561.682.9060

News

Home > News > Filing for disability after a motor vehicle accident

News & Events

Filing for disability after a motor vehicle accident
Friday April 11, 2014 | Staff

Filing for disability after a motor vehicle accident

After a motor vehicle accident, filing for disability in Florida is much like filing in any state because Social Security Disability (SSD) and Supplemental Security Income (SSI) are federal programs. However, there are variations between the states on how they handle the application process and payment of disability benefits.  Here is some valuable information specific to the Florida application and appeals process, Florida's state supplemental payment for SSI, vocational rehabilitation services, and contact information for the disability determination and hearing offices in Florida.

Application

Initial Application

You can apply for SSD and SSI by contacting any of the 54 Social Security Administration (SSA) field offices in Florida or by filling out an online disability application at the Social Security website. Once the application is received by the local SSA office, it is sent to the Division of Disability Determinations (DDD) under the Florida Department of Health. A claims examiner at DDD will review the application and make a decision regarding whether or not you will receive disability benefits. Note that Florida, unlike most other states, allows disability examiners, rather than medical consultants, to make medical assessments regarding the severity of and limitations imposed by various physical disorders you may suffer in an accident  (Florida is testing this “single decision-maker” model as part of the SSA’s Disability Redesign project. Mental disorders must still be reviewed by a psychiatrist or psychologist.)

At the initial application stage, only 26.8% of individuals are approved in Florida. This approval rating is lower than the national average disability approval rate, which is 31%.

Appeals

If you are not satisfied with the determination that is made by DDD, you have the right to appeal the decision. In Florida, there are four parts to their appeal process.

Reconsideration

At the reconsideration stage, a new reviewer at DDD who did not take part in the initial decision on your case will look at your entire application and any new evidence that you have submitted.  At the reconsideration stage in Florida, 8.9% of the initially denied claims are approved. This is about the same as national average for approvals at the reconsideration level.

Administrative Law Judge (ALJ) Hearing

If you are not satisfied with the decision after reconsideration, you have the right to a disability hearing before an ALJ. The ALJ will review your application and any new evidence that you have submitted.

Many cases are won at the hearing stage, as it is usually the first opportunity for those making the decisions regarding your case to see and speak with you. However, the wait time for a hearing in Florida is just over a year, at 367 days. This is nearly a month longer than the national average wait time for a hearing, at 342 days.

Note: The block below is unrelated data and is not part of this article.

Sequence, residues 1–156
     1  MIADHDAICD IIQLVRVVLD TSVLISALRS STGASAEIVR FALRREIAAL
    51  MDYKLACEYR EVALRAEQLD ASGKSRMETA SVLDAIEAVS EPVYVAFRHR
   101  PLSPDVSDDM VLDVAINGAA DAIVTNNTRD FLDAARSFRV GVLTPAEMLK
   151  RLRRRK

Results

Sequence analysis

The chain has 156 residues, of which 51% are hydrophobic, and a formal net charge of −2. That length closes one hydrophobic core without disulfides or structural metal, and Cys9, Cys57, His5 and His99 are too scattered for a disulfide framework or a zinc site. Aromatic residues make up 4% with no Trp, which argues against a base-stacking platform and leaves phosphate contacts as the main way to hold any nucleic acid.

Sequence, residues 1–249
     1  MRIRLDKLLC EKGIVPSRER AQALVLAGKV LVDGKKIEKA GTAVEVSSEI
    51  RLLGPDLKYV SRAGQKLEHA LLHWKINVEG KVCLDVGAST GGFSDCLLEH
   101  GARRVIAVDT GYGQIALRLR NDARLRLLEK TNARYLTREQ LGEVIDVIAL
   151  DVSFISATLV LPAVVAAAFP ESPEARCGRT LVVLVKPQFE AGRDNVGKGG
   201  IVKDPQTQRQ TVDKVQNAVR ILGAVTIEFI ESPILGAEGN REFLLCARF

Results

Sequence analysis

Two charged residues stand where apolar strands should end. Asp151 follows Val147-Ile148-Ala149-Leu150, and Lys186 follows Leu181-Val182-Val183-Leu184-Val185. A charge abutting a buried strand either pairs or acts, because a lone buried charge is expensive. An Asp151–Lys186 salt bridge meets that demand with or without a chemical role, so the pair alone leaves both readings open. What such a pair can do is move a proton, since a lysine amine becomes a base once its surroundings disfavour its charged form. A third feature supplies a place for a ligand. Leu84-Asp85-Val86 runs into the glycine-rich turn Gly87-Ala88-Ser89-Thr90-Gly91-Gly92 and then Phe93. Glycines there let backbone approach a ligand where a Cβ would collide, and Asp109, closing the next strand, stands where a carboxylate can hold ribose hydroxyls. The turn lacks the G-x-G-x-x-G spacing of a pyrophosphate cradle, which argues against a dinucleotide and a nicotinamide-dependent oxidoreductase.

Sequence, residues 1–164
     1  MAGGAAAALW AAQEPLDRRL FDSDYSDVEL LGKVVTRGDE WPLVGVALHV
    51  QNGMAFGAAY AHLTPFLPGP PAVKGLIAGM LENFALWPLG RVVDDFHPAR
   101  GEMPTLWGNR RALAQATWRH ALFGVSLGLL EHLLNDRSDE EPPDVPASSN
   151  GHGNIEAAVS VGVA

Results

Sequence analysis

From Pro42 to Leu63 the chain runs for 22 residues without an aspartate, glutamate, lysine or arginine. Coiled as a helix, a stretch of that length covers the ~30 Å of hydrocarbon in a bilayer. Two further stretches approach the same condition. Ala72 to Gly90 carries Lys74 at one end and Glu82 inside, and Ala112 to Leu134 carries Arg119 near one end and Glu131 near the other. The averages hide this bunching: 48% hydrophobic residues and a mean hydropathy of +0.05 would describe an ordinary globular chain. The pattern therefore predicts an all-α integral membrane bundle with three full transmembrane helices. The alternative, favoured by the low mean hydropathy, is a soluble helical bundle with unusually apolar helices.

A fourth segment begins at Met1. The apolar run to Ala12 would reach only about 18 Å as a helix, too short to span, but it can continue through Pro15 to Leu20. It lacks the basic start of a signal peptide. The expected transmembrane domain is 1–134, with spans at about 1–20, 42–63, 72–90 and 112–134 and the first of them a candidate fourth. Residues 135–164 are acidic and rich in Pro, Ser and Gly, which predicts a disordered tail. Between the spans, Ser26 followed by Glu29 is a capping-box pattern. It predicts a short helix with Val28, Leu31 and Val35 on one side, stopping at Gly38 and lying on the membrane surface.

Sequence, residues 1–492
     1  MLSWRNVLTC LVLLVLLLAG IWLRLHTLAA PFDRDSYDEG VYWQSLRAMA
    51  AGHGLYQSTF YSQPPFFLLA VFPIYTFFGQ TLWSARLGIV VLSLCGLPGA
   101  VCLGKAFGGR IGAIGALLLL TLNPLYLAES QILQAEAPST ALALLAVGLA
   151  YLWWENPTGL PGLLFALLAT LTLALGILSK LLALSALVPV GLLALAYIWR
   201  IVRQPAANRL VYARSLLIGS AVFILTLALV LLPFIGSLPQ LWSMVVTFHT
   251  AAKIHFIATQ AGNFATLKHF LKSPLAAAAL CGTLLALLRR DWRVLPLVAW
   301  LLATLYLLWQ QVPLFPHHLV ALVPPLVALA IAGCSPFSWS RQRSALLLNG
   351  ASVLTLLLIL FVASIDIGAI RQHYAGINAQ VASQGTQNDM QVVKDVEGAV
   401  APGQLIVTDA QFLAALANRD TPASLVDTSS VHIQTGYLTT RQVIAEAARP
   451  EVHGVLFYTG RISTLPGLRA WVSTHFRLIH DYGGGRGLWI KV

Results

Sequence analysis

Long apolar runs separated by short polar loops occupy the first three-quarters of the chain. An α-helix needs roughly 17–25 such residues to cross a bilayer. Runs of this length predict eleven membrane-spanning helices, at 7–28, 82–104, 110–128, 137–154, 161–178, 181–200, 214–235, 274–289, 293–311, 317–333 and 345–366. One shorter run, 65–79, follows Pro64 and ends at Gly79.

In Florida, the approval rating at the disability hearing stage is 48.3%. This is slightly below the national average approval rating of 50%. The approval percentage increases if you hire a disability attorney to represent you at the hearing.

Appeals Council

It is hardly likely that your case will get to an appeal stage, however, if you receive an unfavorable decision (a denial) from the ALJ, you have the right to appeal to the Social Security Appeals Council. The Appeals Council makes a decision on your case only if they believe that your case was decided incorrectly, meaning the decision made was not supported by your record or there were procedural problems.

Federal Court Lawsuit

If your case is not reviewed by the Appeals Council or the ALJ's decision wasn't overturned, you may chose to file a lawsuit in federal court in Florida district court. This step may occur only when all other appeals steps have been tried.

Florida's Supplemental Payments for SSI

The federal government pays a monthly benefit to individuals who qualify for SSI, but states have the option to pay additional monthly benefits to individuals in their state. Florida has chosen to pay additional monies only to an individual living in a community care program (a.k.a. a family care home) or Medicaid facility (that is, a nursing facility for which Medicaid pays more than 50% of the cost). The payments from Florida and the federal government are outlined below.

I can make representation with Florida's Department of Children and Families for information on applying for Florida's Optional State Supplementation (OSS) once you have been approved for disability.

Vocational Rehabilitation Services

 

Often individuals with impairments want to attempt to return to work but are in need of job re-training return to work successfully. In Florida, the Division of Vocational Rehabilitation (VR) under the Florida Department of Education is the government office that helps individuals to prepare for, get, and keep jobs. You can apply at your local VR office to receive services and be on your way to life after a motor car accident. My firm is here to make the transition as easy as possible for you. We are conveniently located at West Palm Beach, Florida and we have the experience to provide competent individualized representation. For more information or to schedule a free initial consultation, call (561) 682-9060 or visit www.pbcinjuryattorney.com

 

Case Results